Europe cannot and must not continue to indiscriminately give aid to households and companies to face the crisis caused by energy prices. Neither can it because many countries are going through fiscal straits —Spain is one of them—, nor should it because energy saving is discouraged. This reflection is shared by many of the leaders and senior officials of the community economic institutions. To redirect the situation, the European Commission has proposed to the States a mechanism to concentrate support on the most vulnerable families. This document, to which EL PAÍS has had access, opens the door to setting a minimum price for electricity and gas for households and then establishes three alternatives to focus the measure on those who need it most. EU finance ministers will discuss the proposal at a Eurogroup meeting on Monday.
In the document prepared by the Department of Economy and Finance of the Community Executive, the aid that the States have deployed to respond to the energy crisis is estimated at an amount equivalent to 1.5% of the GDP of the European Union until October 31 which greatly aggravated the invasion of Ukraine on February 24 of this year. The budgetary effort is reduced by three tenths due to the extraordinary taxes on benefits fallen from heaven. In Brussels it is thought that this rate of spending cannot be sustained for a long time, which is why in the budget reviews for 2023 they already recommended the need to concentrate aid on companies and households that need it.
The more socially sensitive design of the measures should also be completed with incentives “to support energy efficiency and renewable energy to reduce the structural demand for fossil fuels”. The indiscriminate measures on prices, “such as VAT reductions”, do not meet these criteria, the Community Executive points out in its document. And thus, as indiscriminate, 61% of aid could be defined, says the latest community calculation.
The idea of putting on the table a mechanism to support households that would consist of “a two-tier model of energy prices, in which consumers benefit from regulated prices up to a certain level of consumption” was outlined without details in one of the documents submitted at the same time as the budget reviews. The details appear in the note sent to the Eurogroup to be discussed on Monday in its extended format, that is, those responsible for Finance in the euro zone plus those of the rest of the EU, without becoming Ecofin.
Companies are left out of the proposal, since Brussels understands that support for them to face the energy crisis is regulated by State aid regulations and this was relaxed for the last time in October. However, the inspiration for the measure stems from how it has opened its hand with companies.
The starting point of the mechanism is the setting of a minimum price reference for electricity and gas that “can be based on a multiplier of the historical average price of energy in the Member State”. The result should seek a balance between aid to beneficiaries and sufficient cost control. From here on, a volume of consumption covered by that price is set, which should not be too high “to encourage energy saving”, the consumption that is above it no longer benefits from this cap.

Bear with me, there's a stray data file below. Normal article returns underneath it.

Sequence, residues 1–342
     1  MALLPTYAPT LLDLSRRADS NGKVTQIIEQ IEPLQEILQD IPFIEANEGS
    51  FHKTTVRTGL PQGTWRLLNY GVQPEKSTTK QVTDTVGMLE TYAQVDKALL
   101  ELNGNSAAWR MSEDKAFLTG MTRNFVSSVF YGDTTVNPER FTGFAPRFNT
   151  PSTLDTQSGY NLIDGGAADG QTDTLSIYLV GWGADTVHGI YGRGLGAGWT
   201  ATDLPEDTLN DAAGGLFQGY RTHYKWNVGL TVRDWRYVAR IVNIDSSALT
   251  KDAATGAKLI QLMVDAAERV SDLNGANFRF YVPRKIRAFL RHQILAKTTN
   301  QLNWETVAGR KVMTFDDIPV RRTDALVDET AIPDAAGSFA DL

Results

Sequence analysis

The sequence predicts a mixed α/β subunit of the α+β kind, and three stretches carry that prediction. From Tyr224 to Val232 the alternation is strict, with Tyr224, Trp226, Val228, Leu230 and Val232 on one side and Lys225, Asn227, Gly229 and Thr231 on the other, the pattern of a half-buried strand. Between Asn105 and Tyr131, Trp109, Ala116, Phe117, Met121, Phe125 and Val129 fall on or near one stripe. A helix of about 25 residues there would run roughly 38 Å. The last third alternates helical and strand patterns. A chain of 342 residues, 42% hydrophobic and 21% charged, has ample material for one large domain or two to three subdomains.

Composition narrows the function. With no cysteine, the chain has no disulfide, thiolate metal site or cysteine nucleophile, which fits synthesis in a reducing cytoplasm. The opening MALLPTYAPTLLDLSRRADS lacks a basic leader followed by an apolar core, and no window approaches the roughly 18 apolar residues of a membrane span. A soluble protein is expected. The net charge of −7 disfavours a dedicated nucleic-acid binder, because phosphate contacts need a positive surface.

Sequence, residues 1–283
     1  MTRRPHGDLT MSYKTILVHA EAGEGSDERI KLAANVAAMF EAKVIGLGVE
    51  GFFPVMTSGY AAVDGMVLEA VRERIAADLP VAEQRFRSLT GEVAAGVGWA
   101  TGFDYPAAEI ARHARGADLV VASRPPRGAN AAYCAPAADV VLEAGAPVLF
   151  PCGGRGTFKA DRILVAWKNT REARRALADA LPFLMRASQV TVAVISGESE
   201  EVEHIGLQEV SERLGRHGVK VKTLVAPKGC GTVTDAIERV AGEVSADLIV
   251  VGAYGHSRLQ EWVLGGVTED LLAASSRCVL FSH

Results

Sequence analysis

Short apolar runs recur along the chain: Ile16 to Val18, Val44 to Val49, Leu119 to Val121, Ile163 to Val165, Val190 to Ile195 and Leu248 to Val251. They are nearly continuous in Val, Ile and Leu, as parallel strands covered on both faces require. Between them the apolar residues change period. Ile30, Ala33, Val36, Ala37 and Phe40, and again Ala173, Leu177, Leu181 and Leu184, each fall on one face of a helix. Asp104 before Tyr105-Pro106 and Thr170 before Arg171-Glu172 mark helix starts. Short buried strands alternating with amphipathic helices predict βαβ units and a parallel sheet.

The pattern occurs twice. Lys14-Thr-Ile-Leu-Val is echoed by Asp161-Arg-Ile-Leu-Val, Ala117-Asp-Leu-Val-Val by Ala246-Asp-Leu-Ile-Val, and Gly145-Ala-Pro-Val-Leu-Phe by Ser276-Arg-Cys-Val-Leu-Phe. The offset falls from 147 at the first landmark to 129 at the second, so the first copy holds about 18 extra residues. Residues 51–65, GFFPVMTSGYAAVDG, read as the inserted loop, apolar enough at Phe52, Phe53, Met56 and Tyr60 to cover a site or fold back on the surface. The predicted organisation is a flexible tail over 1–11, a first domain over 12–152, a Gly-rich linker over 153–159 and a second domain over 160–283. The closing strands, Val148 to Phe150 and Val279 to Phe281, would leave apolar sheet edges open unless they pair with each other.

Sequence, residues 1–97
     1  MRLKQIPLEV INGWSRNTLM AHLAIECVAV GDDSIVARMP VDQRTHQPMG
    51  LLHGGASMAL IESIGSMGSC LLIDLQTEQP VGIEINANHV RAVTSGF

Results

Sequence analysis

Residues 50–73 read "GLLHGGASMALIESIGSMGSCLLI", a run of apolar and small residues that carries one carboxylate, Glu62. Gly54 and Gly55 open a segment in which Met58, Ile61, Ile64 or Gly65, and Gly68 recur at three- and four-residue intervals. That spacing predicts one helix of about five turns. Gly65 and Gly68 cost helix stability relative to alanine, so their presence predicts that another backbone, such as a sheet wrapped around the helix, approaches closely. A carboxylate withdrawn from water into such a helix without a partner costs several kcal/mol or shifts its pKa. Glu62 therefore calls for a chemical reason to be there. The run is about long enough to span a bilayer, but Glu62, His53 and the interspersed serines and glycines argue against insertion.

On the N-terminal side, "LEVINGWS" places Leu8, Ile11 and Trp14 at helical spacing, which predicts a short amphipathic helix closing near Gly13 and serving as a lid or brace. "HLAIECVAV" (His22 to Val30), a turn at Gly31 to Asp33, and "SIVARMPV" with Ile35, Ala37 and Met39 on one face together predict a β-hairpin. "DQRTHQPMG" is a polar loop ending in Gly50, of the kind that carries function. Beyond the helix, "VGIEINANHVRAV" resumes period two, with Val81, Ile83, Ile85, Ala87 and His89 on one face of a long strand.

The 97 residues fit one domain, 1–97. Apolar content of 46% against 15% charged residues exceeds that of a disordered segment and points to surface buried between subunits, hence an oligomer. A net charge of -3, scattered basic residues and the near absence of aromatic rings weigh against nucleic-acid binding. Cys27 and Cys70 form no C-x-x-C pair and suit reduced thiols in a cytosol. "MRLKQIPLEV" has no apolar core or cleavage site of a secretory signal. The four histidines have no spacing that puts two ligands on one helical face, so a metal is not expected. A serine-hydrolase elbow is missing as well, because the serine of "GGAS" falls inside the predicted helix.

The next step is how to specify that volume of benefited consumption and for that three alternatives are put on the table. The first is to set a regulated volume that is the same for all households, regardless of their income level. The Commission reasons that this option benefits families with less income more because they consume less energy and that it encourages savings once basic needs are covered. The second way is the most regressive, since it proposes fixing the part received to the minimum reference, establishing a percentage on the amount that each household would have consumed in the previous year. The third option is the most focused, since it offers to apply “the minimum price reference or a volume of consumption covered [por ella] highest” on vulnerable customers or households in a situation of energy poverty.
Finally, the community proposal closes with the recommendation to include “a financial safeguard” on the total cost of the measure due to the difficulty of knowing in advance the final cost of the measure. The invoice depends, therefore, on the difference between that lowest regulated price and the one in the retail market. Although it does not say it clearly, from this point it can be deduced that companies should be compensated for what they did not enter.
It is not foreseeable that the debate on this document will close on Monday. In fact, in the community capital it is thought that the proposal may take shape in the coming months because many measures put in place at the beginning of the war will begin to expire from March. So the aid that was launched was indiscriminate and little by little they have become sharper, as shown by the decreasing calculations that the Commission has been spreading about what percentage of measures were targeted: during the presentation of the budget review, Vice President Valdis Dombrovskis and the Commissioner for Economy, Paolo Gentiloni, spoke of 70%; two days later, the internal documents of the Community Executive already placed it at 61%.
This percentage is insufficient for the Brussels authorities, who whenever they can remember that the measures against the crisis have to be “targeted, adjusted and temporary”. However, they also know in the Commission that taking this hose to the official bulletin is not easy due to the complexity of the design, the difficulty of reaching vulnerable groups and, above all, due to the social and political pressure for the aid to be spacious.
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